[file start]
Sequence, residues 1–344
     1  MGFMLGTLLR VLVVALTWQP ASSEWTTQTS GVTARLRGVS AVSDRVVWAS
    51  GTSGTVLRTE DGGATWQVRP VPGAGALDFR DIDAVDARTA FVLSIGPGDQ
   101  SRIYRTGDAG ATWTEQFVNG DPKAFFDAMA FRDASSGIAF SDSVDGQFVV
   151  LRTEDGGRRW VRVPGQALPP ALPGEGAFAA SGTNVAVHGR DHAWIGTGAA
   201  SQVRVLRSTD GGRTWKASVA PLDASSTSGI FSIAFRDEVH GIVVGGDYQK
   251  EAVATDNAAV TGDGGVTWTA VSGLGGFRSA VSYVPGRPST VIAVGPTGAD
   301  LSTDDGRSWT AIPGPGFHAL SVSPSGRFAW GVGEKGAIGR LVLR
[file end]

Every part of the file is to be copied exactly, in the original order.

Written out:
Sequence, residues 1–344
     1  MGFMLGTLLR VLVVALTWQP ASSEWTTQTS GVTARLRGVS AVSDRVVWAS
    51  GTSGTVLRTE DGGATWQVRP VPGAGALDFR DIDAVDARTA FVLSIGPGDQ
   101  SRIYRTGDAG ATWTEQFVNG DPKAFFDAMA FRDASSGIAF SDSVDGQFVV
   151  LRTEDGGRRW VRVPGQALPP ALPGEGAFAA SGTNVAVHGR DHAWIGTGAA
   201  SQVRVLRSTD GGRTWKASVA PLDASSTSGI FSIAFRDEVH GIVVGGDYQK
   251  EAVATDNAAV TGDGGVTWTA VSGLGGFRSA VSYVPGRPST VIAVGPTGAD
   301  LSTDDGRSWT AIPGPGFHAL SVSPSGRFAW GVGEKGAIGR LVLR